The heavy reparations demanded from Germany after World War I having led to the rise of Hitler, after World War II, the Allies had taken a different approach, betting on the inculcation of democratic ideals to ensure that Germany would never threaten its neighbors again. The Germans became the wealthiest and most virtuous people in Europe, as illustrated during the Cold War by Chancellor Willy Brandt’s overtures to the east (known as the Ost-politik) and by the population’s consistent anti-war stance. Now, the beneficiaries of that Ost-politik are demanding German reparations for World War II! 

Aside from their questionable rationale, seventy years after the fact, with Sebastian Gorka gone, I wonder how President Trump will react to the demands against formerly fascist Germany from today’s fascist-leaning East European governments.




                               Budapest 

Saturday, August 26, 2017

When Democracy Backfires, reprinted from New Eastern Outlook

The US media focuses on the fact that President Trump failed to win the popular vote, although he did manage to rake up more delegates to the Democratic Convention than Hillary Clinton. Clinton believes a ‘Russian intervention’ in some unspecified way, skewed the results of the election. (That ‘intervention’ is the focus of an investigation by a Special Prosecutor. The last time such a person was employed in Washington was when Bill Clinton’s’ sex life was deemed an appropriate reason for impeachment. The Congress ultimately failed to gather enough votes to evict him from office.)
During the 2016 campaign, progressive journalists like myself warned that Trump would ultimately lead to fascism, but we didn’t realize he would do so with the help of his voters.
We imagined a police state, but what we have (so far) is a demonstration of how ‘democracy’ can be a God that fails. As with Hitler, enough poorly educated people voted for Trump to bring him to power ‘democratically’. That having been accomplished, it’s not so much that he is able to pursue policies that most educated Americans reject, it’s that he can work up huge crowds who dream of ‘taking back their country’ …. by any means.
Yesterday Trump spoke to one such crowd in Phoenix, Arizona, suggesting he might pardon a racist sheriff who forced his inmates to live in tents under 110 degree heat and was finally slapped with contempt of court charges. More importantly, but somewhat confusingly, the President threatened to shut down the government over the border wall, although it’s not clear what role the government would play in preventing it from being built, since he claims that Mexico would pay for it.  
President Trump goes from one non-sequitur to another, but what is most alarming is that his based doesn’t seem to hold against him his failure to deliver on key campaign promises, believing that the fault lies with Congress (which came up one vote short to pass so-called health care ‘reform’) or with the media, which ceaselessly criticizes him. Notwithstanding the media’s failure to report any story that is inconvenient to the government, America’s fractured left wing has been unable to bust its lock on the American people. Ironically, it is Trump who is accomplishing that feat in the name of a populism whose boundaries with fascism are uncertain. 
Just as the media literally ‘made’ Trump the candidate, while mainly backing Hillary, since he was elected, it has been relentlessly trying to ‘unmake’ him, succeeding only in looking worse than ever. Today, it alternates coverage of Trump’s events with coverage of Hillary Clinton’s book explaining why she lost the election, focusing on how her ‘skin crawled’ when Trump paced back and forth behind her during one of their televised debates. Clips of those moments suggest that Trump was being discreet, leaving her the spotlight.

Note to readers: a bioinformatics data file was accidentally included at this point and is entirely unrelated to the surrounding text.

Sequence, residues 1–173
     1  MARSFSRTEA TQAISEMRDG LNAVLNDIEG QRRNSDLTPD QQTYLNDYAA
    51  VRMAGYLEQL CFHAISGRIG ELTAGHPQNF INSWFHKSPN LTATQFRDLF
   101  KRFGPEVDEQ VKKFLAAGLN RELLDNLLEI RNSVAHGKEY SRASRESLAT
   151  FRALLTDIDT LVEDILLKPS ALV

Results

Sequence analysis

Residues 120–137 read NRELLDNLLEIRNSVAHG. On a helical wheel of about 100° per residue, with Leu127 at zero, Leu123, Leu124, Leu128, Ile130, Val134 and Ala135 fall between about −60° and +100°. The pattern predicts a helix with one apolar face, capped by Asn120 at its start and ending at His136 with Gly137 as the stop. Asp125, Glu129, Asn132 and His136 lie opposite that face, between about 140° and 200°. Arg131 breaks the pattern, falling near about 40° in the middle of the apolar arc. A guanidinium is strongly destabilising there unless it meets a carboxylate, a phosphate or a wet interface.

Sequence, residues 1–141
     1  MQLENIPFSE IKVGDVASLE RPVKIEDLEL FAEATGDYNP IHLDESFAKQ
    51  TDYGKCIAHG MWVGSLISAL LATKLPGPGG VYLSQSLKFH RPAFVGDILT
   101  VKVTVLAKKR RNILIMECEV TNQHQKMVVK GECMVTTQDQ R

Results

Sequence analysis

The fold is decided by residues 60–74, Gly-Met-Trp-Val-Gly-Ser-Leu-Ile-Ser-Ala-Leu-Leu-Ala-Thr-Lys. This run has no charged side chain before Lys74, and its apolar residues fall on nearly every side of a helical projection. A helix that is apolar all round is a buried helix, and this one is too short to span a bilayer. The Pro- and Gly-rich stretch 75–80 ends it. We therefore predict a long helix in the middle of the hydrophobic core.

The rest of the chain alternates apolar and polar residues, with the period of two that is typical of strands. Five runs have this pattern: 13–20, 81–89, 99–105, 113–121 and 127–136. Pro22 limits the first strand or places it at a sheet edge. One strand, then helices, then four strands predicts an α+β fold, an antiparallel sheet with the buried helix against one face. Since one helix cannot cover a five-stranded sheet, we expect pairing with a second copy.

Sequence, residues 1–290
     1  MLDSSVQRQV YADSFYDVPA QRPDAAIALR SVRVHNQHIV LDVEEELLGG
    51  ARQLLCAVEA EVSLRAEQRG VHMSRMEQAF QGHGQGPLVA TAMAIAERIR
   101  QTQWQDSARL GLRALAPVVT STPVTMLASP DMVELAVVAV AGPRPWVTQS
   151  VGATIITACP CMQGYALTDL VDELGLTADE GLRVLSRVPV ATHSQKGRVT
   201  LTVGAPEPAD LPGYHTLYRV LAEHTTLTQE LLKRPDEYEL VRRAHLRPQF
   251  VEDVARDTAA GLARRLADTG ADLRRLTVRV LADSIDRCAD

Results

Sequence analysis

Meanwhile, at a rally in Reno, Nevada, Trump focused on veterans, emphasizing a tribute to the American Legion, a right-leaning organization founded in 1919 to defend veteran’s interests, by signing a bill mandating shorter waiting times for veterans to get answers to appeals. That “psychological operation” illustrates the path that Trump is charting toward fascism: it involves an alliance between active duty and former military, and the minimally educated, pro-military civilians who constitute his base.
Added to this disquieting picture is the fact that thirty-one states allow citizens to openly carry a handgun, some without a license or permit. Different states have different restrictions, but all 50 states allow people to purchase guns.  Hitler’s voters didn’t have guns, but they had the SA, also known as the ’brown shirts’, not to be confused with the SS, which broke off from it to surveil and kill citizens at will in Germany and German-occupied Europe. In the US, that job is likely to be carried out by an amalgam of militias such as those seen in the protests in Charlottesville.  
When history repeats itself, it does so under many different disguises. The question at this point is whether the Neo-Cons and their Deep State will succeed in toppling Trump, using accusations of collusion with Russia, before he gives his voters free rein. Or whether fascism will be served to us as ‘law and order’ by a Vice-President who has moved up after Trump is impeached or forced to resign for ‘inability to govern’.

More worrying for the world at large is the fact that the man who insisted during the campaign that America should not be the world’s policeman, agreed to increase US troop levels in Afghanistan, hiding the country’s vast mineral potential behind the magic word ‘security’. The generals who convinced him to do this also regard Russia as an enemy, following the Neocon playbook. Although the American public is no more in favor of continuing war in Afghanistan than it would be in favor of war with Russia, it’s difficult to see how ‘one man, one vote’ will prevent that from happening.